Never Let Me Down (1987), Black Tie White Noise (1993), Buddha of Suburbia (1993), Outside (1995), Hours (1999). OK. It’s not that these are bad albums per se–even a mediocre Bowie album has its moments–there’s just no sense in ranking them. They are all forgettable.
20. Reality (2003)
Bowie made this record and then disappeared for 10 years.
Best cuts: I do enjoy the cover of Pablo Picasso, but this album doesn’t have any real stand-outs.
19. Heathen (2002). This album is like if Hours… was a lot better.
Best cuts: Cactus (Pixies cover) and I’ve Been Waiting for You (Neil Young cover).
18. Earthling (1997). Perhaps the last example of Bowie’s ability to jump styles, as he hired Trent Reznor to produce a hard-edged, industrial album. After this, Bowies discography would be that of a mature elder statesman.
Best cuts: I’m Afraid of Americans.
17. David Bowie aka Space Oddity (1969)
Although this album had one of his all-time greatest songs, it was a reissue of the tune–which first came out as a single. The songs here feel random and disorganized–it is a portrait of the artist at the beginning of his career.
Best cuts: Space Oddity, Janine.
16. The Man Who Sold the World (1970). His first attempt at being a rock star, and…It really didn’t work as an album. But it does have some very strong individual cuts.
Best cuts: Title track, Madmen, Width of a Circle.
15. The Next Day (2013). A beautiful, quiet record.
Best cuts: Valentine’s Day.
14. Tonight (1984). Universally hated, except by me. I like this album a lot! I am confident that this is the only blog that will recommend this record. Bowie himself dismissed it, despite that it sold very well, as well as the album that followed it, Never Let Me Down. I think it’s underestimated and underrated.
Best cuts: Loving the Alien, Blue Jean, I Keep Forgetting.
13. Young Americans (1975). A lighter album, but with some very strong songs–two of which were created with no less than John Lennon.
Best cuts: Young Americans, Fame, Fascination.
12. Scary Monsters and Super Creeps (1980). David Bowie ruled the ’70s. His ’80s output was more uneven. But it began with one of his better albums.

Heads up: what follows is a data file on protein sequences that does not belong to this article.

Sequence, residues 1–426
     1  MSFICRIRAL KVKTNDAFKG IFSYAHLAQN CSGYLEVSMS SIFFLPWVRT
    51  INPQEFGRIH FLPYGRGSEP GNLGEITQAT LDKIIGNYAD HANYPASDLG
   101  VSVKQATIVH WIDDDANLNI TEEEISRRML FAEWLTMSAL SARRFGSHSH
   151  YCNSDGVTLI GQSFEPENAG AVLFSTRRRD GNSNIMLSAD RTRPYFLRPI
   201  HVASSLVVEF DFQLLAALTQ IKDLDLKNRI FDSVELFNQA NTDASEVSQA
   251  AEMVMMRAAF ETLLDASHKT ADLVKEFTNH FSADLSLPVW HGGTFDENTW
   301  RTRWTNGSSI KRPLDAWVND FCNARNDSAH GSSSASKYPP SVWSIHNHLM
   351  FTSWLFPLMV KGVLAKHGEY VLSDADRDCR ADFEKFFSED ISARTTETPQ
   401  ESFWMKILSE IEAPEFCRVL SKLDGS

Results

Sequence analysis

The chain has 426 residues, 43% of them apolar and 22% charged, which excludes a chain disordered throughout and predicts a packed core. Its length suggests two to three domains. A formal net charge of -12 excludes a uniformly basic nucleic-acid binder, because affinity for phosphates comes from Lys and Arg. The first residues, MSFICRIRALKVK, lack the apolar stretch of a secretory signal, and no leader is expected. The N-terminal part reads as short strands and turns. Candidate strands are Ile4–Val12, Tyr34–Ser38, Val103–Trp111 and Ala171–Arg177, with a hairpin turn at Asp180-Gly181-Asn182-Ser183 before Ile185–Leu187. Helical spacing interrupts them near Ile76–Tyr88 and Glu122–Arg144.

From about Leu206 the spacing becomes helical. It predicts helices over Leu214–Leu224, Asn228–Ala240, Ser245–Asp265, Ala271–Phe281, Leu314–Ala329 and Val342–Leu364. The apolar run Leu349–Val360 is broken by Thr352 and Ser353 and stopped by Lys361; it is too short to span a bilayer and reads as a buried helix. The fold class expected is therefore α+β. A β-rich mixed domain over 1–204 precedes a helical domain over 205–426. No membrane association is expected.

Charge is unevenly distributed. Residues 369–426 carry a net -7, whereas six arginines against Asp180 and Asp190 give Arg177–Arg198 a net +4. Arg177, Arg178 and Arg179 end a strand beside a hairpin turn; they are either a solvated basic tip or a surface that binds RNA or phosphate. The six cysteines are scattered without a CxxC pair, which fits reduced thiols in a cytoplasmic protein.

Best cuts: The sequel to Major Tom, “Ashes to Ashes,” and Fashion.
11. Lodger (1979). Most would rate Lodger much higher on a list of Bowie’s best. And it is a great record–despite the lack of radio-ready hits. It’s the third album he recorded in Berlin, and it has a sober, experimental bent, mixing reggae, funk and afrobeat–the same sounds being played with by The Clash.
Best cuts: Yassassin, DJ.
10. Diamond Dogs (1974). The last of Bowie’s “glam rock” albums.
Best cuts: Rebel Rebel, title track, 1984.
9. Aladdin Sane (1973). What do you do after you record one of the greatest albums of all time (Ziggy Stardust)? You mix together experimental rock with some of the catchiest songs of all time.
Best cuts: The Jean Genie, Panic in Detroit.
8. ★ (Blackstar) (2016). David Bowie’s final album is easily his best later-period record. The rest of his 2000-on albums are way below this one on the list. Blackstar is imperfect, but the moments that shine are some of the most beautiful of his long career.
Best cuts: Blackstar, Lazarus, I Can’t Give Everything Away.
7. “Heroes” (1977). Obviously the title track is epic–perhaps Bowies best creation of all time. The rest of the album is all deep cuts like Beauty and the Beast and Sense of Doubt.
6. Pin Ups (1973). His all-covers album. And it’s great!
Best cuts: Here Comes the Night, Sorrow.
5. Station to Station (1976). Practically every one of his albums broke from what came before. On STS, though, he does this track by track! There is the “blue eyed soul” of Golden Years, the classic rock riffs of TVC15, and the title track: A 10 minute cocaine fever dream. David Bowie’s career is marked by constant genre shifting and busting.
Best cuts: See above and add in the underrated deep cut, “Stay.”
4. Let’s Dance (1984). Most critics will tell you that this was, commercially, the peak of top 40 Bowie. They’re probably right.
Best cuts: Title track, Cat People, Modern Love, Under Pressure. Those four songs were monster hits. China Girl was a solid cut as well, featuring Iggy Pop.
3. Hunky Dory (1971). Many of Bowie’s best records are “concept albums” (like the top two on this list). Hunky Dory is just a collection of really great post-60s pop.
Best cuts: Obviously “Changes” is the best remembered. But there’s also the freak pop of “Oh! You Pretty Things;” the promise of Ziggy in “Life on Mars;” and the ode to the artist “Andy Warhol.”
2. Low (1977). It’s almost impossible to pick between this album and Hunky Dory. They’re incredibly different, but each is brilliant. I went with Low because of its experimentation, how wonderfully it set and created a mood, and, frankly, how transportive the entire record is.
Best cuts: Hard to say. This is a true “album” that should be listened to from end to end, without a pause. But I will recognize that Breaking Glass has one of the best opening lines of any song, ever (“Don’t look on your carpet/I drew something awful on it”) and “Sound and Vision” is a masterpiece that bridges pop music and genius-level creativity.
1. The Rise and Fall of Ziggy Stardust and the Spiders From Mars (1972). This wasn’t Bowie’s most experimental or groundbreaking, and yet his adoption of a new identity in Ziggy and the creation of an album as that alien-turned-rockstar signaled his entire chimerical career. This isn’t just David Bowie’s best album, it’s one of the best albums of all time, period. Best cuts: Every damn one of them.